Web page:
Milwaukee pays respects to pope

Two days after the death of Pope John Paul II, Milwaukee's faithful gathered at west Milwaukee's Basilica of St. Josaphat to mourn the passing of their religious father. Milwaukee Archbishop Timothy Dolan addressed the standing-room-only crowd, offering condolences and bolstering courage.

The location was especially appropriate for the service, Dolan said, because it was held in a basilica — one of only a handful of such churches outside of Rome.

"This brings us in bondage with Rome," Dolan said.

The lavishly Byzantine basilica was built by Polish hands, and so is a fitting place to remember "a son of Poland," he said.

The Polish people who built the basilica "sacrificed to keep it the gem of worship that it is," Dolan said.

Dolan also recalled the importance of Mary to the pope.

"Where does he go when he needs to cry? Where does he go when he needs to complain? Where does he go to open up?" Dolan asked. To the holy shrines at the grottos of Lourdes, he said, the site in southern France famed for the sightings of Mary recorded there.

Later in his homily, Archbishop Dolan petitioned God on behalf of the pontiff.

"We ask now, God, that he be yours for all eternity," he said.

Dolan has opted to stay in Wisconsin this week instead of traveling to Rome.

Vigils, remembrances and sevices in honor of the pope were held across Wisconsin in cities like Green Bay, LaCrosse and Wausau.

A scene similar to that in St. Josaphat's played out in Rome. Falling silent, whispering the rosary and clasping their hands, tens of thousands of pilgrims paid their final respects to the pontiff after his body was carried on a crimson platform to St. Peter's Basilica.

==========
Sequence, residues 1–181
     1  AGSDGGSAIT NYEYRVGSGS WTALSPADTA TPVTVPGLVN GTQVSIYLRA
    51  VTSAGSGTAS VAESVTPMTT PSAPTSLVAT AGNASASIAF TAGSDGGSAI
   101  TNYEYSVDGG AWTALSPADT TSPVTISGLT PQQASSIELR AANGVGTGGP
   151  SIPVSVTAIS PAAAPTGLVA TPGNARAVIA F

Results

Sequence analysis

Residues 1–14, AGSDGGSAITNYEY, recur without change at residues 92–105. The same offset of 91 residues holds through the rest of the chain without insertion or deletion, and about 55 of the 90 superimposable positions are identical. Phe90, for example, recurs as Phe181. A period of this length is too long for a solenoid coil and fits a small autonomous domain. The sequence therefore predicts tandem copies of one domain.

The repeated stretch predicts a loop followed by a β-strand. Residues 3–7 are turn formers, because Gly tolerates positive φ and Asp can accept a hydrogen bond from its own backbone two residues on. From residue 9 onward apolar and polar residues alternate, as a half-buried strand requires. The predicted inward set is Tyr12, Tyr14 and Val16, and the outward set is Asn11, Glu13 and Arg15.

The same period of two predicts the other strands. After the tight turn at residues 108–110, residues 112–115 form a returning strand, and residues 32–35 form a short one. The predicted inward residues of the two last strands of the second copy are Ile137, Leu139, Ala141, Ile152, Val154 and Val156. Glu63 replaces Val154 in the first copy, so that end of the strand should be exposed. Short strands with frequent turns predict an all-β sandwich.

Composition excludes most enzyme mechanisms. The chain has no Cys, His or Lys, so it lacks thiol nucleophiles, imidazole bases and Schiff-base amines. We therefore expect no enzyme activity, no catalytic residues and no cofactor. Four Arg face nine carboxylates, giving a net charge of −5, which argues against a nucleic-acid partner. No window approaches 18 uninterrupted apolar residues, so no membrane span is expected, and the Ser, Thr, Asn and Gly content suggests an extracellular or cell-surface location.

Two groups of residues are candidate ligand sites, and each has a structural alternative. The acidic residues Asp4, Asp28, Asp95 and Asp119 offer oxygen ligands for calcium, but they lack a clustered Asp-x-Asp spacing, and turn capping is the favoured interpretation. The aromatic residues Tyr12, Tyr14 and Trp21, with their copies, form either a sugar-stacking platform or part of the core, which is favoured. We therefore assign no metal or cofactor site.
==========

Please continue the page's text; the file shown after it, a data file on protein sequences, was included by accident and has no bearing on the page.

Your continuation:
There was no stopping for a lingering view, a motionless moment of reflection. Many wept as they walked past the bier. Some collapsed against the wall outside after leaving the basilica, designed by Bramante and Michelangelo and dedicated in 1626.

But some still managed to snap photographs with cell phones as they passed John Paul's body, clad in a scarlet velvet robe, his head crowned with a white bishop's miter and a staff topped with a crucifix tucked under his left arm.

Chicago Cardinal Francis George said the cardinals prayed for about one hour before the procession and that the pope looked "at peace, but a man who had suffered."

All the time, as the line inched forward, it grew longer and longer; out of St. Peter's Square, stretching out of sight down the Via Della Conciliazione. Police said close to midnight it was two miles long — and many people wide.

Up to 2 million pilgrims are expected in Rome to pay their final respects this week.

Since the pope's death Saturday, the square has been transformed into an outdoor shrine of thousands of candles, farewell letters and notes scribbled on train tickets and tissues fused in puddles of melting candle wax.

In the days following the pope's death, hundreds of political and religious leaders have offered their condolences.

"The Catholic Church has lost its shepherd, the world has lost a champion of human freedom and a good and faithful servant of God has been called home," President Bush said Saturday.

Several countries, including Cuba and Hungary, have issued national days of mourning.

Will Ashenmacher reported from Milwaukee. The Associated Press contributed to this report with reporting from Vatican City.

This article appeared in The Marquette Tribune on April 5 2005.